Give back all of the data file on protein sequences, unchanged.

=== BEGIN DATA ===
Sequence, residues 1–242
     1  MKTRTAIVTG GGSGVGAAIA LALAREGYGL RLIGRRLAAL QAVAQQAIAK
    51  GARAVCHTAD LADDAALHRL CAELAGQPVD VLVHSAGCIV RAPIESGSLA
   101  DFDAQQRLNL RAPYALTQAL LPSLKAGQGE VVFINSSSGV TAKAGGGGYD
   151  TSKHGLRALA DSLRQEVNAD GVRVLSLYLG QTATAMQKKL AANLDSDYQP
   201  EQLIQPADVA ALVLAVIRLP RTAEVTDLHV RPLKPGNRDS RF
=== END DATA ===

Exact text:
Sequence, residues 1–242
     1  MKTRTAIVTG GGSGVGAAIA LALAREGYGL RLIGRRLAAL QAVAQQAIAK
    51  GARAVCHTAD LADDAALHRL CAELAGQPVD VLVHSAGCIV RAPIESGSLA
   101  DFDAQQRLNL RAPYALTQAL LPSLKAGQGE VVFINSSSGV TAKAGGGGYD
   151  TSKHGLRALA DSLRQEVNAD GVRVLSLYLG QTATAMQKKL AANLDSDYQP
   201  EQLIQPADVA ALVLAVIRLP RTAEVTDLHV RPLKPGNRDS RF